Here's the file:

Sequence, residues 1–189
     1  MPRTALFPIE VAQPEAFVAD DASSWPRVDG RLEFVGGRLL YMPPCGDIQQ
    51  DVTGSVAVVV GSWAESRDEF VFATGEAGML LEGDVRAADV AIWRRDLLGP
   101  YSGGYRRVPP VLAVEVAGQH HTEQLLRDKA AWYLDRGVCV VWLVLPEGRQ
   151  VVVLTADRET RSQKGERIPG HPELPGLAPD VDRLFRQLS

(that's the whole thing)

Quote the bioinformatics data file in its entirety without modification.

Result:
Sequence, residues 1–189
     1  MPRTALFPIE VAQPEAFVAD DASSWPRVDG RLEFVGGRLL YMPPCGDIQQ
    51  DVTGSVAVVV GSWAESRDEF VFATGEAGML LEGDVRAADV AIWRRDLLGP
   101  YSGGYRRVPP VLAVEVAGQH HTEQLLRDKA AWYLDRGVCV VWLVLPEGRQ
   151  VVVLTADRET RSQKGERIPG HPELPGLAPD VDRLFRQLS